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Little noticed comments from former President Bill Clinton over the weekend which he made in South Africa are perhaps -- well -- a bit explosive.

"Unless we send the Navy down deep to blow up the well and cover the leak with piles and piles and piles of rock and debris, which may become necessary - you don't have to use a nuclear weapon by the way, I've seen all that stuff, just blow it up - unless we're going to do that, we are dependent on the technical expertise of these people from BP," Clinton said.

Clinton was speaking about British Petroleum's efforts to staunch a massive leak that erupted after one of the oil rigs it was leasing blew up Apr. 20. His remarks about the explosion solution come at about 2:30 into the recording, posted below.

Matt Simmons, founder of energy investment bank Simmons & Company, suggested earlier this month that the US military could close the drill hole with a nuclear weapon.

"Probably the only thing we can do is create a weapons system and send it down 18,000 feet and detonate it, hopefully encasing the oil," he said.

His idea echoes that of a Russian newspaper that earlier this month suggested the US detonate a small nuclear bomb to seal the oil beneath the sea. Komsomoloskaya Pravda argued in an editorial that Russia had successfully used nuclear weapons to seal oil spills on five occasions in the past.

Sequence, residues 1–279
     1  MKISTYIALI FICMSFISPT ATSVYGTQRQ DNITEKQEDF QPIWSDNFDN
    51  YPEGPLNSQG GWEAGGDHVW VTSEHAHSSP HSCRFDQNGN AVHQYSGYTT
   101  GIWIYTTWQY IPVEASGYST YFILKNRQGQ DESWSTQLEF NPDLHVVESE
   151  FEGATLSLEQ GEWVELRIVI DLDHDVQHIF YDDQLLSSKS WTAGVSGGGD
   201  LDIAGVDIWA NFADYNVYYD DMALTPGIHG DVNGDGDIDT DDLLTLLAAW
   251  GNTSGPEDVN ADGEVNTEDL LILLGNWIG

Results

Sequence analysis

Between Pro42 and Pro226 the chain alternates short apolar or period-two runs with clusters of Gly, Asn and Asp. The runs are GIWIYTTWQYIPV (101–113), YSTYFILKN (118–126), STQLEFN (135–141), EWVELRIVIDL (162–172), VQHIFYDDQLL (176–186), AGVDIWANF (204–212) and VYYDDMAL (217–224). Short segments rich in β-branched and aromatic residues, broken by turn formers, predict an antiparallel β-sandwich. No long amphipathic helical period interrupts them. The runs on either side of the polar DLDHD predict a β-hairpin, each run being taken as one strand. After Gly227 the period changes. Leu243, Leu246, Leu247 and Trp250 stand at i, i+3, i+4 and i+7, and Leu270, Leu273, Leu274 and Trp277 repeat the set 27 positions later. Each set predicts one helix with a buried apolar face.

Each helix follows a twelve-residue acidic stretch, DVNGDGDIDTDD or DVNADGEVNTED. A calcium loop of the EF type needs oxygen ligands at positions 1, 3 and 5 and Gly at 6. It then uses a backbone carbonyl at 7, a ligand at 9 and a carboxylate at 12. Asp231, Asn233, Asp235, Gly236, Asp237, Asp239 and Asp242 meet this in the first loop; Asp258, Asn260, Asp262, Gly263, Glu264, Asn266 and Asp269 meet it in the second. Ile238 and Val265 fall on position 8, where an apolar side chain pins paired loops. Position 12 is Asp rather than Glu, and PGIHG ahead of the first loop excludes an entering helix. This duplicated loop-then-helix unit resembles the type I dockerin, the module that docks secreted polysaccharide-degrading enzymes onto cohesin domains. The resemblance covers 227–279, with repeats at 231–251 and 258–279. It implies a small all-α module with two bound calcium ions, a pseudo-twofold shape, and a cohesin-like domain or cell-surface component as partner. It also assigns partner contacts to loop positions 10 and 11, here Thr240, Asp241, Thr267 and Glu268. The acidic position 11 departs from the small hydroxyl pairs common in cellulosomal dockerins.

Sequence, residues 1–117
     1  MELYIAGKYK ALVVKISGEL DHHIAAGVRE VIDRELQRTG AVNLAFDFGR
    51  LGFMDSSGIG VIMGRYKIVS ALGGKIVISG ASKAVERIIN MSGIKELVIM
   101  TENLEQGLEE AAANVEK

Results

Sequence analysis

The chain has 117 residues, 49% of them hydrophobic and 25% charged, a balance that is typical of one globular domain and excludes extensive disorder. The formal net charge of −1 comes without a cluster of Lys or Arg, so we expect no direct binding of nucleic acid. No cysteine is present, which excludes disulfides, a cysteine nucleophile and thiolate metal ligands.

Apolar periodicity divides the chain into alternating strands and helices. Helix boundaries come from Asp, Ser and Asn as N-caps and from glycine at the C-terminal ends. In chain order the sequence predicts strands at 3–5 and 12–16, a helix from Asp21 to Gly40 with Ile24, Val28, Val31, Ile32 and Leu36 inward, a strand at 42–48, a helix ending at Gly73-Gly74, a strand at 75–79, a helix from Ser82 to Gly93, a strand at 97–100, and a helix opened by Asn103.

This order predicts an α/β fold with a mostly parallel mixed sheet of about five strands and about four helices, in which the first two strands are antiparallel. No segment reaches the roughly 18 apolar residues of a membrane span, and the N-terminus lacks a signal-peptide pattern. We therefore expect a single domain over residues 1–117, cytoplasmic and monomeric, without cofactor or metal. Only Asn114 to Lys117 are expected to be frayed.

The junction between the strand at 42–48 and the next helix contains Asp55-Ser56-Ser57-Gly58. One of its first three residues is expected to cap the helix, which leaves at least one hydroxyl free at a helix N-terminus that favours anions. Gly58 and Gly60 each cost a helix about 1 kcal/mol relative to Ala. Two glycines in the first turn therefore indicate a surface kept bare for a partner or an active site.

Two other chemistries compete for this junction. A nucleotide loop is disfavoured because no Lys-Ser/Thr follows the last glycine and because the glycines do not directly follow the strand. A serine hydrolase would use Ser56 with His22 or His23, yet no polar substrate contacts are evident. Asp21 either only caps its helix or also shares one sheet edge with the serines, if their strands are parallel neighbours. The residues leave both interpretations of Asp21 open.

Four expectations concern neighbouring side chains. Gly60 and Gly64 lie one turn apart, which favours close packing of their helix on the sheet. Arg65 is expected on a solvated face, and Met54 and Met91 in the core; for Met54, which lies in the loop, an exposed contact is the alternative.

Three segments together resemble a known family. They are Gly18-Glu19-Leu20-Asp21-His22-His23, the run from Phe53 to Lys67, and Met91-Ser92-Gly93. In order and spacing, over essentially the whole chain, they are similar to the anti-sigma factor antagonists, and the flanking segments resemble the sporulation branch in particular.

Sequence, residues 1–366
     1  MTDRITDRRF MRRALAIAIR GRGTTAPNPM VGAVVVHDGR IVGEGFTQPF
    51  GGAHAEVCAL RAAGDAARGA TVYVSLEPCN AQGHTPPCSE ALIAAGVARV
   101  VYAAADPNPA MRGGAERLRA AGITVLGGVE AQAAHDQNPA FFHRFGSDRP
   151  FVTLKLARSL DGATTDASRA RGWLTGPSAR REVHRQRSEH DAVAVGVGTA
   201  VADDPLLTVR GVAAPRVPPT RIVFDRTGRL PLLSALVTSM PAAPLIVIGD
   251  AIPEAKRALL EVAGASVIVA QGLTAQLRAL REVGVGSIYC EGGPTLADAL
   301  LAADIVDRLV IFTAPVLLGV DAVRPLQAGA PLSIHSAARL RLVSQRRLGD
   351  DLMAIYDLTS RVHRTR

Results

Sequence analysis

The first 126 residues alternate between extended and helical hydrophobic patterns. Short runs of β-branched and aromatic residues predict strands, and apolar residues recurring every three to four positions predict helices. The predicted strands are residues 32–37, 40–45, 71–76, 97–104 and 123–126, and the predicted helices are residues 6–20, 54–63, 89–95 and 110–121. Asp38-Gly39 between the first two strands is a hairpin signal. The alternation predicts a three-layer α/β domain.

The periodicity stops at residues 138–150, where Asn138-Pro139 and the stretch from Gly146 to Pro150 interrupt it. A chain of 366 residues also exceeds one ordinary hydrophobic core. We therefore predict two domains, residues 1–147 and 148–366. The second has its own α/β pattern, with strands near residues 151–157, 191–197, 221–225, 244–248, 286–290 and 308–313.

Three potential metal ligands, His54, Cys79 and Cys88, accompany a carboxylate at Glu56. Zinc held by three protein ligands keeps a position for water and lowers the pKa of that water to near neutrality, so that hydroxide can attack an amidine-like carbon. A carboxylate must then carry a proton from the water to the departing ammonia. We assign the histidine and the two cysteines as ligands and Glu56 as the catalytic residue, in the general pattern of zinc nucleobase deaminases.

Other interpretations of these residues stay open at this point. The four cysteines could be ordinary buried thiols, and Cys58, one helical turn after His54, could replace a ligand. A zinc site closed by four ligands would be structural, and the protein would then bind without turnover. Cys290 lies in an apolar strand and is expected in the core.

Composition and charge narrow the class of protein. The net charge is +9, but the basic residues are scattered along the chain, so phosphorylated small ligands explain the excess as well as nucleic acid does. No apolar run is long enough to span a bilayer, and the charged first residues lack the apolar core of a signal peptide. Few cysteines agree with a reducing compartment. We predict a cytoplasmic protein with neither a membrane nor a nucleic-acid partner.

"Weapons labs in the former Soviet Union developed special nukes for use to help pinch off the gas wells," Live Science wrote earlier this year. "They believed that the force from a nuclear explosion could squeeze shut any hole within 82 to 164 feet (25 to 50 meters), depending on the explosion's power. That required drilling holes to place the nuclear device close to the target wells."

"A first test in the fall of 1966 proved successful in sealing up an underground gas well in southern Uzbekistan, and so the Russians used nukes four more times for capping runaway wells," the site added.

Critics of Clinton's plan have told Fox that BP is resisting the option because blowing up the well would ensure they could get no more oil.

"If we demolish the well using explosives, the investment's gone," former submarine officer and nuclear policy scholar at Columbia University Christopher Brownfield told Fox News in May. "They lose hundreds of millions of dollars from the drilling of the well, plus no lawmaker in his right mind would allow BP to drill again in that same spot. So basically, it's an all-or-nothing thing with BP: They either keep the well alive, or they lose their whole investment and all the oil that they could potentially get from that well."